Whether in the public arena, the national news media or advocating for the most vulnerable before parliamentary committees, Kathleen Finlay is an unwavering voice for safer healthcare and the right of patients, families and everyone to be treated with dignity and respect and to be free from institutional harm. Kathleen is founder of The Center for Patient Protection and CEO of PatientProtection.Healthcare, one of the world’s foremost patient and family advocacies and a leading innovator of policies to empower patients and families to achieve safer healthcare outcomes.
Kathleen created and operated the world’s first online outreach clinic to offer vulnerable patients and families support in dealing with the physical and emotional trauma of medical errors and breakdowns in care. Over the past decade, Kathleen has advocated for thousands of patients and families around the world who have reached out for her expert guidance. These lived experiences have afforded The Center a unique knowledge base upon which to build ground-breaking innovations in healthcare policy and patient-focused care.
During six years as a regular contributor to the Huffington Post, Kathleen wrote more published articles on patient safety and the critical role that families play in patient care and recovery than any other patient advocate before or since. She was the first to bring to public attention critical issues that adversely affect patients and families in their hospital experiences and proposed concrete solutions to address them, such as the mandatory reporting of medical errors, ending of taxpayer support for the physician liability scheme of the Canadian Medical Protective Association, free access by patients to their medical records, and strengthened safety protocols for obtaining do not resuscitate (DNR) orders.
Under Kathleen’s leadership, The Center for Patient Protection conceived, designed and developed numerous patient safety tools based on the actual lived experiences of thousands of patients and families, such as The Center’s groundbreaking 3Rs for Safer Care and its unique patient and family engagement trigger tool. Kathleen was the first advocate to publicly expose abuses involving the drug Seroquel. Her work resulted in enhanced reporting about the use of this drug and changed practices that reduced its administration in long-term care settings. She was the first to publicly identify medical errors as the third leading cause of death in Canada years before it was recognized by mainstream healthcare and the patient safety community.
Kathleen has been a pioneer in educating the public and healthcare professionals on the critical role that familes play in the care and recovery of loved ones. As she told CBC News on that subject, “it can litterally mean the difference between life and death.” Medscape profiled the role that Kathleen played in that regard during the hospitalization of her late mother.
Prior to founding The Center for Patient Protection and PatientProtection.Healthcare, Kathleen held senior positions in public finance and intergovernmental affairs and in the regulation of Canada’s capital markets.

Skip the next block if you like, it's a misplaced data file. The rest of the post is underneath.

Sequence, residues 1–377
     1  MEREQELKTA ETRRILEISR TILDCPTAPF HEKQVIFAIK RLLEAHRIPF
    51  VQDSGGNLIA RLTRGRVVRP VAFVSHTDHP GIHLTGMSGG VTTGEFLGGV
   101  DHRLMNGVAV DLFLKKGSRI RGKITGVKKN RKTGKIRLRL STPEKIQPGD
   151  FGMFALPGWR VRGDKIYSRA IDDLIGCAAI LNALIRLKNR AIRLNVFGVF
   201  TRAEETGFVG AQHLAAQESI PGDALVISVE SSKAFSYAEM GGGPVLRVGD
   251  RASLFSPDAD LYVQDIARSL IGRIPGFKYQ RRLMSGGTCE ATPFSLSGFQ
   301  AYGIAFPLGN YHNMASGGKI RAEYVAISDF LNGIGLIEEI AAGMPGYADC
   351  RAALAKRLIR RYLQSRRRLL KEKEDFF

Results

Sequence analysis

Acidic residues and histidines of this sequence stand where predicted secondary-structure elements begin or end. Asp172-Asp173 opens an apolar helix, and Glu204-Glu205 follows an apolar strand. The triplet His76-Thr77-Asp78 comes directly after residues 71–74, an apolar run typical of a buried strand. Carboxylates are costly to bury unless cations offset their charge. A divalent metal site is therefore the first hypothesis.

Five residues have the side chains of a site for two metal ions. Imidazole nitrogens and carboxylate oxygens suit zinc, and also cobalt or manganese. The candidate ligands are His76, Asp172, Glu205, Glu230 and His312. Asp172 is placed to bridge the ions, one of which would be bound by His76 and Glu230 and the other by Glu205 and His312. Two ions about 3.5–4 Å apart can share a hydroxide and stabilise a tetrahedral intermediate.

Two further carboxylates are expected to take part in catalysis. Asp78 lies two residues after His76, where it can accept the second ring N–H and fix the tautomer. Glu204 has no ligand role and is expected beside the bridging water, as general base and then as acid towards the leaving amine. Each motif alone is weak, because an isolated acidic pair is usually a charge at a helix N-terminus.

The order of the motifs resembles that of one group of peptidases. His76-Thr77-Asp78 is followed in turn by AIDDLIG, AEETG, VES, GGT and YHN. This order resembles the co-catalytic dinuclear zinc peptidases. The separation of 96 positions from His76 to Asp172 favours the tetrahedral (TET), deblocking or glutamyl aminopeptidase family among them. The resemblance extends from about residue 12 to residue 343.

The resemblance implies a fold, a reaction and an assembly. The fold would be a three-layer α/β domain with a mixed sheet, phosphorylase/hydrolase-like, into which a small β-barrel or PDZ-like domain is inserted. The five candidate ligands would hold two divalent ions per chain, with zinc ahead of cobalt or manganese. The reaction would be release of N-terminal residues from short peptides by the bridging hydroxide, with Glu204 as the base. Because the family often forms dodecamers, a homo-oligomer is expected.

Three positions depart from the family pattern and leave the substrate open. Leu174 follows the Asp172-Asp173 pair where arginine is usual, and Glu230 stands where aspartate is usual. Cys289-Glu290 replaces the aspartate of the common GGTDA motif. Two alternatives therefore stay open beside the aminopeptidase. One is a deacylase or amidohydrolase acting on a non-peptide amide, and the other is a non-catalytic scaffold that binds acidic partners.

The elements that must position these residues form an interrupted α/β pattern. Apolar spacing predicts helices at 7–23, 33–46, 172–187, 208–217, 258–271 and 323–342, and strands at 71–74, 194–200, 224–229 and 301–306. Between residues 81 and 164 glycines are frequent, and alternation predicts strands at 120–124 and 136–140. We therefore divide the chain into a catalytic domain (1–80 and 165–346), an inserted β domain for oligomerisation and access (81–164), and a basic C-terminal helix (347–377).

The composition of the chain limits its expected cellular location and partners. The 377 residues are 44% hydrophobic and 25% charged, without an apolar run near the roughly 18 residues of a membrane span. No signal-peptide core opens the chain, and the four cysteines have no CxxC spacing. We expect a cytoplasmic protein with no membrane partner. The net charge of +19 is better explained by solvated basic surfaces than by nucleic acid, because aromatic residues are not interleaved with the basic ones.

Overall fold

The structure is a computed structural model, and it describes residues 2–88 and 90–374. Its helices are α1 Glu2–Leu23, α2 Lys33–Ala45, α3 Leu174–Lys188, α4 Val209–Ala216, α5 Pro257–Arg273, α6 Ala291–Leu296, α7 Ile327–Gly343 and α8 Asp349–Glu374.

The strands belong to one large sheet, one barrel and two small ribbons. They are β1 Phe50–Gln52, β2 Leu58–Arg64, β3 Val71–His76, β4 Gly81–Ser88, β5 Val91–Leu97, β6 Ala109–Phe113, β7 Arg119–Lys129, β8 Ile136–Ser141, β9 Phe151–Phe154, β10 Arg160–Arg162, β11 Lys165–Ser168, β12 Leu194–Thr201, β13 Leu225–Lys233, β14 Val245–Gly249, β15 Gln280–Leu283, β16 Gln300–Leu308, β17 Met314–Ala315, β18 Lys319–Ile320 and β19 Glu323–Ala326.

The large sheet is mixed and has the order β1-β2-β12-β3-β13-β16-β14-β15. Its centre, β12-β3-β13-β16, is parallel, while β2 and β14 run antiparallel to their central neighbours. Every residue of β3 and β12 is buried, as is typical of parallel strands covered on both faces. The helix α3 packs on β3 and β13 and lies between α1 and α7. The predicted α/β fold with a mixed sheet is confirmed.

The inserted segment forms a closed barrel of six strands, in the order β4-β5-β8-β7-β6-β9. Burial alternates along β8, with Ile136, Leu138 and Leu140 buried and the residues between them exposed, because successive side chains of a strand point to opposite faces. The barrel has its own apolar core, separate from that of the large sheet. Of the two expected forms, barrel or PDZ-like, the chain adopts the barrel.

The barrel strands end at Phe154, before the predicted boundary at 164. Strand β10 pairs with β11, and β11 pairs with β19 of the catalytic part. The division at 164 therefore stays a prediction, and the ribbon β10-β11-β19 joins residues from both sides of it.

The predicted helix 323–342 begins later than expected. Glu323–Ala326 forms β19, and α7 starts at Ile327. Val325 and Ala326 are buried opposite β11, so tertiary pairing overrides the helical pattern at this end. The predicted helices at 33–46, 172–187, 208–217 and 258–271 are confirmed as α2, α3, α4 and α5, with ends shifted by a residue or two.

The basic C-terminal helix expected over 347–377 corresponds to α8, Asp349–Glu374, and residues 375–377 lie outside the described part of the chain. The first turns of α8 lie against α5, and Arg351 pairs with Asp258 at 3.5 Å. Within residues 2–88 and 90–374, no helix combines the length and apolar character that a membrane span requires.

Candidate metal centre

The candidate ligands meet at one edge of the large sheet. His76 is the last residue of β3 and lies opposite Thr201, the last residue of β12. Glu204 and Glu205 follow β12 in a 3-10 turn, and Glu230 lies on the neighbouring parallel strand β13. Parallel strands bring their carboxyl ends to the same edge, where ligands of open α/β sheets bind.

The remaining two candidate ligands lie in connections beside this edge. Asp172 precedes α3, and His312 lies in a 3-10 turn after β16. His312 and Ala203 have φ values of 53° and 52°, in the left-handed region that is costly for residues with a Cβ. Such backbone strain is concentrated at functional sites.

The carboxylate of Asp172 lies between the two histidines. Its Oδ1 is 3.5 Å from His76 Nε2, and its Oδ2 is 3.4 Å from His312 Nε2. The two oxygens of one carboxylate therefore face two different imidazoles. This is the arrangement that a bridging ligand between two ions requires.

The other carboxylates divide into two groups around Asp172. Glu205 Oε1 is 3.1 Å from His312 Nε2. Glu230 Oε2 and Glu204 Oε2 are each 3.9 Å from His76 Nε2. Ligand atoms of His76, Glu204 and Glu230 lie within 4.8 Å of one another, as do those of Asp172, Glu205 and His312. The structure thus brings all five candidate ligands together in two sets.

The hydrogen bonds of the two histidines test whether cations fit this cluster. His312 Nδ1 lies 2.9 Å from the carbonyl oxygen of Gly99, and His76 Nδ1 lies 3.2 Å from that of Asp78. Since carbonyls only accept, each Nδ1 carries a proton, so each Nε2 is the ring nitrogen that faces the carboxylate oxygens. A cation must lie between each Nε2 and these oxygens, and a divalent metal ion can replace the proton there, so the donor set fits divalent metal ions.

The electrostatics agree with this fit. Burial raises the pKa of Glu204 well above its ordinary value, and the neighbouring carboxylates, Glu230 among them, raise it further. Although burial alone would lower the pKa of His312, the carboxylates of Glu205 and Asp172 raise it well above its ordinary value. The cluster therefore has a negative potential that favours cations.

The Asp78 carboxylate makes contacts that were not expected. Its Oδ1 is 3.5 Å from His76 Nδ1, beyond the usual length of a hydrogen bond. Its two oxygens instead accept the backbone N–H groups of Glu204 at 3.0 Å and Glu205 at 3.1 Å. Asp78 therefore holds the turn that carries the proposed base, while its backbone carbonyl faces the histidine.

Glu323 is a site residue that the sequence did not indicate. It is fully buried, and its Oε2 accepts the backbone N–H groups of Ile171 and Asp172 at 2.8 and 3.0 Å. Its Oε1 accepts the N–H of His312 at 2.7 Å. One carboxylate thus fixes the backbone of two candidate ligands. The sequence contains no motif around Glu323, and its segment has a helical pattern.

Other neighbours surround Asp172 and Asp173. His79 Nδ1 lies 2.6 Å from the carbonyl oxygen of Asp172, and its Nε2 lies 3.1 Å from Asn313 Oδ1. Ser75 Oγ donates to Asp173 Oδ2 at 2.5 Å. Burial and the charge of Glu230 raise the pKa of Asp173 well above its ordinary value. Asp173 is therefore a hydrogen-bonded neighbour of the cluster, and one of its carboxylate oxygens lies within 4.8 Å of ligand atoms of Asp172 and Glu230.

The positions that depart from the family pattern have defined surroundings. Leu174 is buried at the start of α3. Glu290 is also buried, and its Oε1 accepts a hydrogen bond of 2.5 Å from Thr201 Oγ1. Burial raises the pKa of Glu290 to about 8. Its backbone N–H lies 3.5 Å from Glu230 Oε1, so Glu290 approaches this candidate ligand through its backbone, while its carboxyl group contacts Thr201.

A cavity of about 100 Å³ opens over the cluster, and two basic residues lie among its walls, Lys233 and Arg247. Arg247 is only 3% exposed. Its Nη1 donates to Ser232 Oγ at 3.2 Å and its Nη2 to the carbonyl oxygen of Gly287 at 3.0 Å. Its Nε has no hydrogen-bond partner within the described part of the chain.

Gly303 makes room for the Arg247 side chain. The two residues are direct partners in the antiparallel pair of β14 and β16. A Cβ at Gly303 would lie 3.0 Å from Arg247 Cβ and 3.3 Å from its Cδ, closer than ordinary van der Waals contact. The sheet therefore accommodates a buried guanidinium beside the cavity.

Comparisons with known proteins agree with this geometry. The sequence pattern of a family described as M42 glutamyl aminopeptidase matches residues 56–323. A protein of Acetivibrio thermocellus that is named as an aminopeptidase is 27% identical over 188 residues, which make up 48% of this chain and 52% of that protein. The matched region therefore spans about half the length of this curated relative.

Using her signature skills in policy development and regulatory innovation honed through decades of public service after graduate school, Kathleen’s work now extends to other challenging areas that require innovative thinking and robust advocacy, such as improved mental health policy and suicide prevention, wider awareness of the compassion gaps that have come to light during the pandemic and the need to address them, trauma-informed care for victims of sexual and emotional violence and elimination of gender-related healthcare barriers.
Kathleen’s work has been frequently cited by lawmakers, scholars and policy makers in healthcare, sexual violence and suicide prevention. Her stalwart advocacy for improved delivery of mental health services included a call for the appointment of a federal minister of mental health. The first such minister was appointed to that portfolio in the fall of 292. In 2020, the Canadian House of Commons voted to endorse the idea she introduced to Canada on CTV National News with Lisa LaFlamme, which called for the creation of a national mental health crisis/suicide prevention life line using the number 9-8-8. Kathleen is founder of The ZerONow Campaign, one of the world’s most recognized advocacies supporting victims of sexual harassment and combating gender-based institutional harm.
Kathleen brings to her work both the passion and experience of the survivor’s voice — her own, and those of countless others she has helped over the years. This has made her a much in demand interview subject and commentator in the media. Her work and advocacy have been cited in debates in the House of Commons and the Ontario Legislature and she has been called upon to advise members of the Canadian Senate. She is currently spearheading in a campaign that calls for rebuilding Canada’s compassion infrastructure, and advises organizations with a high investment in ensuring positive compassion outcomes, like universities, healthcare providers and public institutions, on the creation of a more caring culture.
Leading media platforms, including the Wall Street Journal, CTV News and the CBC frequently turn to Kathleen for expert commentary on breaking news stories. Her op-ed columns regularly appear in the Hill Times and have been featured on the CBC’s website, in the Ottawa Citizen and in other leading comment pages. She is a frequent guest on the CTV News Channel and has appeared on CBC’s “The National” and “Go Public.” Earlier in her career, Kathleen contributed research and writing to best-selling books on Canadian politics and she is the author of a volume on Ontario legislative history. She holds a BA (Hons) from Victoria University in the University of Toronto and an MA from the School of Graduate Studies, University of Toronto.